The costs of campaigns and, more specifically, who is funding campaigns matter, especially when there is a veil of secrecy around donations. For that reason, I have introduced two proposals that would revamp and improve campaign finance and pay-to-play laws in New Jersey. My goal strikes at the core of what is often missing in campaign financing: greater transparency and broadening disclosure requirements.
No one ever woke up one day and said, “Today, I will become hooked on heroin.” However, for far too many New Jersey residents the pain of this disease is far too real. One of the most sobering experiences of my life was when I visited a heroin recovery support group. There, men and women, who continue to fight this sickness, shared with me their pain of addiction. I must admit I was not shocked by their stories, as my family has faced this scourge of addiction, but it did bring me right back to those difficult memories in my own life.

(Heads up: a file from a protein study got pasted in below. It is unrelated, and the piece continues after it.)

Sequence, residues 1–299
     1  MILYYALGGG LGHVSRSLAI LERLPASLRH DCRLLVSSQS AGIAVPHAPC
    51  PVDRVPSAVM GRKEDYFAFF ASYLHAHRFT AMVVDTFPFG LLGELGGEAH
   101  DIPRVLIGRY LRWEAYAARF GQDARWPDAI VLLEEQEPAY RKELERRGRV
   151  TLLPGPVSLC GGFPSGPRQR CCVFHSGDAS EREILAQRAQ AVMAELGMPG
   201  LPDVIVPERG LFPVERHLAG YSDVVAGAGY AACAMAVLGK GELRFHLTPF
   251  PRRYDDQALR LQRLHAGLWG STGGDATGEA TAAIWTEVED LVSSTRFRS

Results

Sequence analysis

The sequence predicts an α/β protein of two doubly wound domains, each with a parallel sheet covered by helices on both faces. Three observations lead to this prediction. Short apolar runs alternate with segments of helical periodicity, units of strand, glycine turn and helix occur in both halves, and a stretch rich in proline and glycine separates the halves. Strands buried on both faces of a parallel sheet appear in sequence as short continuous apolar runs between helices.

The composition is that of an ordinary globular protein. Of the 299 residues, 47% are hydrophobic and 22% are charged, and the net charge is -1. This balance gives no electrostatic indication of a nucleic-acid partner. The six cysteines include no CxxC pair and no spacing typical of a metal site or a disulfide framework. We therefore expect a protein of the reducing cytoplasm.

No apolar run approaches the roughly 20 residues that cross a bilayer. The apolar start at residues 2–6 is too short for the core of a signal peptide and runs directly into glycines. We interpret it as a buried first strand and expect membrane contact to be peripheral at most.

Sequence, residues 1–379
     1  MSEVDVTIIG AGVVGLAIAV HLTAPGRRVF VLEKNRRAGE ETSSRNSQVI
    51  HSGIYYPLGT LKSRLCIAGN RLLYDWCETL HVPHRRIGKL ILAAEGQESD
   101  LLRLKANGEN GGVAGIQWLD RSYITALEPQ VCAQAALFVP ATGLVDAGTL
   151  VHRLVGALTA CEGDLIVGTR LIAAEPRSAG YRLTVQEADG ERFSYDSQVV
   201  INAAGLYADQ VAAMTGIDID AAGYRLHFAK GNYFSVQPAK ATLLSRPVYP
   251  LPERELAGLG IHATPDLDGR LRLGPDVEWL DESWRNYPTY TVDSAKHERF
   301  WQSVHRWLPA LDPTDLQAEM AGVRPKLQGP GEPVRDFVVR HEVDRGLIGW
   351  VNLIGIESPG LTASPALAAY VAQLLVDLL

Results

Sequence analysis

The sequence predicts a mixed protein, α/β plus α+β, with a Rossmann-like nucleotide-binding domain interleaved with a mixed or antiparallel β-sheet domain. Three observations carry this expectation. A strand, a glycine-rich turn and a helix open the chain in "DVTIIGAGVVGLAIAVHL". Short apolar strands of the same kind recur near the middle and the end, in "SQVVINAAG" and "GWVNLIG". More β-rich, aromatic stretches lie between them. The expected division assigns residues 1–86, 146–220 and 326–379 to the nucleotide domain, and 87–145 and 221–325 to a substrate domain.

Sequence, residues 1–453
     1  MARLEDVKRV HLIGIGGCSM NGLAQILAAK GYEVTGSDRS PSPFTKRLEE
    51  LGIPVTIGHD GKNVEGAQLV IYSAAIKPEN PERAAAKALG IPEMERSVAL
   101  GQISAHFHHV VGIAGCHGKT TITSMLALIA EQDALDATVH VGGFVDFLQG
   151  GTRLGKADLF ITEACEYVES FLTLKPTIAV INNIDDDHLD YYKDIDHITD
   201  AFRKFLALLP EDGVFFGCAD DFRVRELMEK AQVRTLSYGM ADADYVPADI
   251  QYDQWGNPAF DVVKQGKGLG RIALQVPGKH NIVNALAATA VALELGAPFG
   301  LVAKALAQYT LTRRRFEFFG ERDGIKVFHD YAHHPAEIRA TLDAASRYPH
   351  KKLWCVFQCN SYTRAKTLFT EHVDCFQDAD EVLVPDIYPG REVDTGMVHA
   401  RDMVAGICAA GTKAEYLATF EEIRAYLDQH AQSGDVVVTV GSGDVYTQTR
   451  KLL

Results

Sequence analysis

I listened to their stories of the intense high of heroin and how the feeling becomes so addictive that you will do anything and everything you can to feel that way again. How when you aren’t on it, your body aches and you cannot sleep or think clearly…or how your mind is dominated of thoughts on getting high again. I was told of the close calls with death and the abandonment of family and friends just to chase that high. They also shared with me their stories of immense regret and sadness, on how their lives had spiraled out of control…the fellow addicts they lost to this disease along the way and how they were seemingly powerless to combat their addiction.
Muhammad Ali’s accomplishments as a boxer have placed him in the pantheon of the most accomplished athletes in sports history.
But, the stunning boxing accomplishments of this force of nature in the end would be overshadowed by his stature as a civil rights activist and a bona-fide worldwide cultural icon who defies description.
Gone but never forgotten. It’s a phrase that we hear frequently, but I wonder if it doesn’t strike a different emotional chord with children who have lost a parent, particularly if that mother or father served in the area of public safety and died in the line of duty.